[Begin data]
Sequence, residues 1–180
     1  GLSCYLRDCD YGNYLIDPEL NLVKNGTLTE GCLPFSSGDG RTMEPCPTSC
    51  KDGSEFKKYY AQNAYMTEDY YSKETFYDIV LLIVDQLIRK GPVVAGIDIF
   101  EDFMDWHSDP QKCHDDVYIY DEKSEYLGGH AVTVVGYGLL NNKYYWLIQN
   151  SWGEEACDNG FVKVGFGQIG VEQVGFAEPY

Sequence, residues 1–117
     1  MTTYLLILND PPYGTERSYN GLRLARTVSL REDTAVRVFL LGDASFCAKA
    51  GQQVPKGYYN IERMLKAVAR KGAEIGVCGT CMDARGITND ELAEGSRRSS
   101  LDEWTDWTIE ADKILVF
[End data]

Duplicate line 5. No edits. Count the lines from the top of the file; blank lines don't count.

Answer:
   151  SWGEEACDNG FVKVGFGQIG VEQVGFAEPY